1 Offer details: Offer valid only for new campaigns submitted by July 6, 2009, that go live by July 15, 2009 (midnight Pacific Time). Participation in this program is limited and this offer is being extended at the sole discretion of adCenter to existing customers of adCenter who are original recipients of this e-mail from Microsoft. Any portion of ad credit not used within 90 days from the date the credit was applied to your adCenter account will expire. Ads must be stopped after ad credit is used up or within 90 days from the time ad credit was applied to your adCenter account, whichever comes first, or your credit card/invoice will be charged for advertising clicks. Offer valid for residents of the 50 United States and Washington, D.C., only. Limit: one ad credit and one free campaign upload per adCenter customer. Offer may not be combined with any other offers or discounts, separated, redeemed for cash, transferred, sold, or bartered. There is a minimum bid requirement of $0.05 per click-through when using adCenter. Search or Contextual Advertising listings are subject to editorial review. See Microsoft Advertiser Terms and Conditions for more details. Other terms and conditions may apply. This offer may be terminated by adCenter at any time and without notice.

Upload requirements: A new campaign is defined as a campaign containing broadly different keywords and ads when compared to others that are live on adCenter. A new campaign must have a minimum of 150 keywords. Campaign names must not exceed 100 characters and ad group names must not exceed 60 characters in adCenter. If adCenter receives files exceeding character limits, it may be renamed to reduce length by removing any additional characters, except where this would duplicate another campaign or ad group name. Subject to all necessary data being accurately submitted by you and your compliance with Microsoft adCenter Terms and Conditions, and the Offer Details above, your unique promotional code will be sent via e-mail to you by Microsoft which will enable you to redeem your ad credit.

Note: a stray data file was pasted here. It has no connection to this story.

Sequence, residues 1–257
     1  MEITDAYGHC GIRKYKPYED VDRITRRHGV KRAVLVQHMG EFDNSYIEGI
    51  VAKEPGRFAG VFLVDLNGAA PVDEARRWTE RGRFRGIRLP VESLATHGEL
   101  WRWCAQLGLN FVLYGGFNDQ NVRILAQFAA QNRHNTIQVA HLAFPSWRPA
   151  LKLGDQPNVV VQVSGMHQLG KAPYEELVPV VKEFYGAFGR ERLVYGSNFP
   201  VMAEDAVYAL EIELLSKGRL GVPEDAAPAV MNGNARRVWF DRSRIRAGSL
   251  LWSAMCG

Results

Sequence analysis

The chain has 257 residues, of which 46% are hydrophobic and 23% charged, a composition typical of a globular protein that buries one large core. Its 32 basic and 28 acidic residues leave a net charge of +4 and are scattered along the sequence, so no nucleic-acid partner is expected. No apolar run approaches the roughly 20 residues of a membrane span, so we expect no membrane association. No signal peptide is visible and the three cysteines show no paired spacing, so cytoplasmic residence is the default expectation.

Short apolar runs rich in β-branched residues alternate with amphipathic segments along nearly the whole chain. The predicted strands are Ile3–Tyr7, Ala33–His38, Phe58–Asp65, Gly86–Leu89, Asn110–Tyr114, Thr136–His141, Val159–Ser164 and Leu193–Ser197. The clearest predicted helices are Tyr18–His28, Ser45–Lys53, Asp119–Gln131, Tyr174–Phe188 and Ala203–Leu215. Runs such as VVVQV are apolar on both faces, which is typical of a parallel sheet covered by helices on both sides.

2 Conversion is defined as a web visitor entering into a secure session on a website. comScore Quality of Click Custom Study (MSN – Windows Live Search), March – May 2008.

Microsoft Corporation
One Microsoft Way
Redmond, WA 98052

Interesting strategy.

Why doesn’t Microsoft promote this on the Bing home page?

Free: Enjoy The Wall Street Journal Online Courtesy of Bing

July 1, 2009

While searching for an article on the Wall Street Journal online today, I found the following banner ads from Microsoft’s Bing strewn across the site.

Bing Wall Street Journal

Bing Wall Street Journal

When I initially logged into my account via Firefox, the Bing banner ad consumed over half my screen then it shrunk to the size above.

According to their display ad below, Bing has also made the online version of the Wall Street Journal free today.

Bing Free Wall Street Journal

Bing Free Wall Street Journal

Any ideas how many Bing searches were generated via these Wall Street Journal banner ads?

Or how many Wall Street Journal subscribers will convert to lifetime Bing users as a result of their exposure to Bing ads?